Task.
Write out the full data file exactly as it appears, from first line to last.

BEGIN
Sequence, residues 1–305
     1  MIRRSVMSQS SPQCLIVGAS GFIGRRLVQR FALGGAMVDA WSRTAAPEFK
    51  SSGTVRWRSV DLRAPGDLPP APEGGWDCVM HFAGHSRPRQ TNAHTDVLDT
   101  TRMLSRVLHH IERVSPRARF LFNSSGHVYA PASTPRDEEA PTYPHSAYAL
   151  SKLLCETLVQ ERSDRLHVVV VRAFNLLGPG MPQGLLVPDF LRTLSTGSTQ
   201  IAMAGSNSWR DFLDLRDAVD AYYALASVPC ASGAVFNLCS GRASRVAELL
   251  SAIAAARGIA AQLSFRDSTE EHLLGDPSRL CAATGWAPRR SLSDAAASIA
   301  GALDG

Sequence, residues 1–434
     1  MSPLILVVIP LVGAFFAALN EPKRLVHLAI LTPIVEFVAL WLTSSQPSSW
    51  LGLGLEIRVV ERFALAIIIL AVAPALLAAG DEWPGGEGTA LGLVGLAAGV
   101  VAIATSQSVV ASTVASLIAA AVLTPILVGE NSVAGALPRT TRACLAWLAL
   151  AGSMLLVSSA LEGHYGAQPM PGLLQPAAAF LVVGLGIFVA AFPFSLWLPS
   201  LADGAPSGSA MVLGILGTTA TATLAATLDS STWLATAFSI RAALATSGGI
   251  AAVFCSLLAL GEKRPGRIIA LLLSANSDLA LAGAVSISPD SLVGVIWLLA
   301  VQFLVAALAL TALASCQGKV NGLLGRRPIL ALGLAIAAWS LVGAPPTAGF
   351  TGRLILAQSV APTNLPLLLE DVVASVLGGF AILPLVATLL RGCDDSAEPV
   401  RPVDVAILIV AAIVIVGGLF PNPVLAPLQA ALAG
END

Sequence, residues 1–305
     1  MIRRSVMSQS SPQCLIVGAS GFIGRRLVQR FALGGAMVDA WSRTAAPEFK
    51  SSGTVRWRSV DLRAPGDLPP APEGGWDCVM HFAGHSRPRQ TNAHTDVLDT
   101  TRMLSRVLHH IERVSPRARF LFNSSGHVYA PASTPRDEEA PTYPHSAYAL
   151  SKLLCETLVQ ERSDRLHVVV VRAFNLLGPG MPQGLLVPDF LRTLSTGSTQ
   201  IAMAGSNSWR DFLDLRDAVD AYYALASVPC ASGAVFNLCS GRASRVAELL
   251  SAIAAARGIA AQLSFRDSTE EHLLGDPSRL CAATGWAPRR SLSDAAASIA
   301  GALDG

Sequence, residues 1–434
     1  MSPLILVVIP LVGAFFAALN EPKRLVHLAI LTPIVEFVAL WLTSSQPSSW
    51  LGLGLEIRVV ERFALAIIIL AVAPALLAAG DEWPGGEGTA LGLVGLAAGV
   101  VAIATSQSVV ASTVASLIAA AVLTPILVGE NSVAGALPRT TRACLAWLAL
   151  AGSMLLVSSA LEGHYGAQPM PGLLQPAAAF LVVGLGIFVA AFPFSLWLPS
   201  LADGAPSGSA MVLGILGTTA TATLAATLDS STWLATAFSI RAALATSGGI
   251  AAVFCSLLAL GEKRPGRIIA LLLSANSDLA LAGAVSISPD SLVGVIWLLA
   301  VQFLVAALAL TALASCQGKV NGLLGRRPIL ALGLAIAAWS LVGAPPTAGF
   351  TGRLILAQSV APTNLPLLLE DVVASVLGGF AILPLVATLL RGCDDSAEPV
   401  RPVDVAILIV AAIVIVGGLF PNPVLAPLQA ALAG